SHEVINGTON. Wigan, Lancashire. 1st. November, 1861.

The colliery was the property of John Taylor and Son who made no restrictions on the money spent in the safe working of the mine which was small, covering less than a statute acre. The management of the mine was experienced and in the opinion of the Inspector, above average. The pit was also known as the Prince Albert Pit.

A plane had been driven against a fault on the south side and the workings there had been abandoned for a few months and the heading showed full of dirt. Several other places had also been driven to the same fault when the roof had become unstable and these also had been abandoned. There had been a fall of roof two days before the explosion which had liberated gas which accumulated in the goaf and had come over the stowed dirt, into the main intake.

Mr. Makinson, the manager of the colliery, and Mr. Close the fireman immediately prepared to examine the workings and a search party went towards the explosion area. Many were burnt and disfigured in the blast and Mr. Daglish of Wigan attended to their injuries

Almost immediately after the explosion Mr. Higson made a detailed examination of the colliery and even though the furnace was out, he found no trace of gas but he found the ventilation defective. A stopping had been put in the drift and at the end of the drift, pillar working had commenced. It was known that the roof would come down when this work started and that there was gas in the goaf and yet there were no provisions made to sweep that gas away by a ventilating current.

Those who lost their lives were:

  • John Culshaw aged 29 years, collier.
  • James Culshaw aged 22 years, collier, brother of John.
  • Edward Goulden aged 22 years, collier
  • William Yates aged 40 years, collier.
  • William Crook aged 79 years, collier
  • James Gaskell aged 35 years, collier.
  • John Ashcroft aged 47 years, collier.
  • Solomon Ashcroft aged 13 years, collier.
  • James Ashcroft aged 15 years, collier son of John
  • James Baron aged 12 years, collier son of John.
  • Thomas Reed, aged 60 years, collier.
  • William Ridings, labourer aged 45 years.
  • Robert Holcroft aged 38 years, collier.

The injured were:

  • Robert Howcroft, collier.
  • Robert Thompson, collier.
  • Ralph Ellison, collier, married with six children.

Two died later:

  • Thomas Reed aged 60 years, collier who died on the 6th November,
  • William Ridings aged 45 years, fireman, who died on the 11th November.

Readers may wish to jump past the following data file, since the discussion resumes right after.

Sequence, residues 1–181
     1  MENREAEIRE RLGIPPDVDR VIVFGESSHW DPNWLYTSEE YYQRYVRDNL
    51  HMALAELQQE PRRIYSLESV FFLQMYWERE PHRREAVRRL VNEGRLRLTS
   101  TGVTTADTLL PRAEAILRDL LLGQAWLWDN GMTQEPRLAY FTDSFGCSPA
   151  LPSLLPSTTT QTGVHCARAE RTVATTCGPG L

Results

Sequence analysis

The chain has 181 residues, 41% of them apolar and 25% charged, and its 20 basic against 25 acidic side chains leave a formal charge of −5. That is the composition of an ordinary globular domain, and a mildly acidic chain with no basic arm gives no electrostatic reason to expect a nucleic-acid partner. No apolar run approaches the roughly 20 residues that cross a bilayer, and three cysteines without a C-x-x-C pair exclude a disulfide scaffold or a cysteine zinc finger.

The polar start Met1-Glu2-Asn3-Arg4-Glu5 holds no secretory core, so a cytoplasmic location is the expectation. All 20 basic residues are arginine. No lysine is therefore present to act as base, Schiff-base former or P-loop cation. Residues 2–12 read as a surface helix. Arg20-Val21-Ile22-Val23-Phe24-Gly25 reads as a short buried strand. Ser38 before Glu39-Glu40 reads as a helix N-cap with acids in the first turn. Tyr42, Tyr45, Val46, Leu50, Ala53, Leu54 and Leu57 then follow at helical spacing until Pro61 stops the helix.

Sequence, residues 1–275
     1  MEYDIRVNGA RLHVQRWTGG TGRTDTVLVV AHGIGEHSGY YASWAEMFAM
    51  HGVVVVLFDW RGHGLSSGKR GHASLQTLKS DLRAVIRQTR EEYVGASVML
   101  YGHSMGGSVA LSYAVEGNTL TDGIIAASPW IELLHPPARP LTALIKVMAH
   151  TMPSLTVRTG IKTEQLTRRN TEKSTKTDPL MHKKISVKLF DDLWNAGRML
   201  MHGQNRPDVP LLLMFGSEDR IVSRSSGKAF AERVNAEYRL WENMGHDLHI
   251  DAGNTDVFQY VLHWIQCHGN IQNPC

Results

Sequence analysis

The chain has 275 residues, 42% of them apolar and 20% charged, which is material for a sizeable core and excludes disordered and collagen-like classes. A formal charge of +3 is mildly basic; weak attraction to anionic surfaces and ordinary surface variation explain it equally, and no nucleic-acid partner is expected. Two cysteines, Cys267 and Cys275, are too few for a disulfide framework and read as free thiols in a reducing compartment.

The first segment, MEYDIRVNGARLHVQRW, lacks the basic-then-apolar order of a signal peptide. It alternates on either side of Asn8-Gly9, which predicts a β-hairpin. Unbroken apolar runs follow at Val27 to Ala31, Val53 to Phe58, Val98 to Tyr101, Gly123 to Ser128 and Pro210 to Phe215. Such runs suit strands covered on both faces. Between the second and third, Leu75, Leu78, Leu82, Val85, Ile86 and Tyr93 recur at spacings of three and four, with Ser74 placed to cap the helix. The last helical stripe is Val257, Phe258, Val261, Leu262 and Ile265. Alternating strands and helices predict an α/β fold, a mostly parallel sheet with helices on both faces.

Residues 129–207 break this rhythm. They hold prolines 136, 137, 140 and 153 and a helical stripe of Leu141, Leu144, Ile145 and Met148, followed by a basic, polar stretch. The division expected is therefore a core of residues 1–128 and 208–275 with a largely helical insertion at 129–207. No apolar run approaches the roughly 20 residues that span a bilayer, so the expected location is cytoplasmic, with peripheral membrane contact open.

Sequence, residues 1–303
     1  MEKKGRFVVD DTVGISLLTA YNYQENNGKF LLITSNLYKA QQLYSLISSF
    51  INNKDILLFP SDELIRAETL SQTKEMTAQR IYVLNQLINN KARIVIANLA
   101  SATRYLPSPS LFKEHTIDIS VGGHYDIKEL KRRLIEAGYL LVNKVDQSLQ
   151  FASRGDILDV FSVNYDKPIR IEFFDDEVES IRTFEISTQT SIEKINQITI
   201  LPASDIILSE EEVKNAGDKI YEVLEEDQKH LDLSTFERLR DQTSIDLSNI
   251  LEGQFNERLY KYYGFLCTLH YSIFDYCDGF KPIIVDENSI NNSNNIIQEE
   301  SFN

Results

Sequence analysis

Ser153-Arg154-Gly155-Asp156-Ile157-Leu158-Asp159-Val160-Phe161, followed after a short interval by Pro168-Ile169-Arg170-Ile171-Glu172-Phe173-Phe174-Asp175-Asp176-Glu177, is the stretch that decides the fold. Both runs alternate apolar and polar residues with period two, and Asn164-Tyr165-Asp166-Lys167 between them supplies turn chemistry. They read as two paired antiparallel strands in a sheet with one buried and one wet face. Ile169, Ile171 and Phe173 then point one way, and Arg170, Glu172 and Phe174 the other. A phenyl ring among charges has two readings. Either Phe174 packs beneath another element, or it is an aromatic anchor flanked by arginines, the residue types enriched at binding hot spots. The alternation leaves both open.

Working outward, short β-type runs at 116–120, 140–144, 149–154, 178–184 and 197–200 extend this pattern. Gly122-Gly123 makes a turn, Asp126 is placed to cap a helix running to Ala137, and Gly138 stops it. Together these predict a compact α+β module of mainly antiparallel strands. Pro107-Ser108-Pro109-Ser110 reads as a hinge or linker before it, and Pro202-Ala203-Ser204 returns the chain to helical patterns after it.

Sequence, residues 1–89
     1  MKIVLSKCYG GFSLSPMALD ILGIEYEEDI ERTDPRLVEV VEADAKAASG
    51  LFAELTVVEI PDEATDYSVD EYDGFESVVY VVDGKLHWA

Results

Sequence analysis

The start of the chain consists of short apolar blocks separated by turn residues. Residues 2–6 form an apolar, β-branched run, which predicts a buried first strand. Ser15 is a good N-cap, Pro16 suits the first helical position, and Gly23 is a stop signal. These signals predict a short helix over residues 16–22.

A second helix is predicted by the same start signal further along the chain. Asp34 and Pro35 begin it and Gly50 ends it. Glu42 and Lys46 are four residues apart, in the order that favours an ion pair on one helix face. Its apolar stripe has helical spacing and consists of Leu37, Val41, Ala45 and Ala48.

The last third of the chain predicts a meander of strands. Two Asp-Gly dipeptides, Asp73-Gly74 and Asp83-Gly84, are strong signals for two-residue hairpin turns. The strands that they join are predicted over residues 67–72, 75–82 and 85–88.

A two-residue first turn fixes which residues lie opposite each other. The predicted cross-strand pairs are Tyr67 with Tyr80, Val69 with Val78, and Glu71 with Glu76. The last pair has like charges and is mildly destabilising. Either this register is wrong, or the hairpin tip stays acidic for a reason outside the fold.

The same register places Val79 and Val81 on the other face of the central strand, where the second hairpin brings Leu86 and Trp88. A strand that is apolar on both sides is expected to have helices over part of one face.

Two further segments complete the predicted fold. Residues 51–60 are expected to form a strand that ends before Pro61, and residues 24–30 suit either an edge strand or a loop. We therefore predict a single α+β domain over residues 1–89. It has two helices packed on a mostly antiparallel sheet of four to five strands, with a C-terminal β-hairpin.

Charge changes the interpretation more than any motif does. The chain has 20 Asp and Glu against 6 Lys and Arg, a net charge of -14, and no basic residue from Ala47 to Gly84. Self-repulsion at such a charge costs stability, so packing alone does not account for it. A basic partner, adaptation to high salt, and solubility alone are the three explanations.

Ann Reed wife of Thomas was told that her husband had been injured on Wigan Station as she was waiting, with her daughter, for a train to take her home. When she received the news she began to shake and fell down. Efforts to revive her failed and she died in a few minutes. The inquest into her death returned a verdict of “died from fright.”

The inquest was held at the Plough and Harrow Inn before Mr. M. Myres, District Coroner. The proceedings went to the house of Ralph Ellison who had been injured in the accident and was too ill to be moved. He said that on the morning of the explosion he had found a piece of the side in the main road had fallen and he went to fetch Makinson and Riding. When they returned they found that some of the roof had fallen. They removed the debris and filled two or three tubs. Makinson then went away to get some bars after telling Riding to get Holcroft to help him put up the bars. After the fallen roof had been removed, Ellison left them and it was about twenty minutes later that the explosion occurred.

A long and detailed statement was taken from William Riding and was presented at the inquest. Riding died as a result of his injuries during the proceedings.

Mr. Higson thought that there was enough ventilation going through the mine if it was correctly distributed but a stopping had been placed in the drift at the very spot where the explosion occurred. There was no doubt as to the cause of the disaster which was caused by a labourer who had previously been employed as a fireman in the mine and had retained a lamp key. He was burnt in the explosion and his dying testimony said that he unlocked the lamp to relight of one of the men’s lamp and the explosion resulted.

From the Inspector’s Report:

It appeared from the testimony of the poor man whose temerity cost him his life and sacrificed the lives of others, that upon putting the open light on the stopping it suddenly ignited the gas. In this, there was nothing but what under the circumstances any one of ordinary capacity might have expected. As that was the highest point of the workings, the gas would, from its own specific gravity, escape, if possible, there while as the risk of attempting to stop it back had often been grossly neglected. If such omissions are to be tolerated, casualties of the description may be a daily occurrence.

The Coroner summed up and brought the statement of the Inspector to the notice of the jury. After a short consultation, the jury returned the verdict that

The deceased were killed by an explosion of firedamp at the Prince Albert Pit and that the explosion occurred in consequence of William Riding having improperly caused his lamp top to be taken off whilst working.


Mines Inspectors Report, 1861. Mr. Peter Higson.
Colliery Guardian, 9th November 1861, p.300, 16th November, p.316, 23rd November, p.336.

Information supplied by Ian Winstanley and the Coal Mining History Resource Centre.

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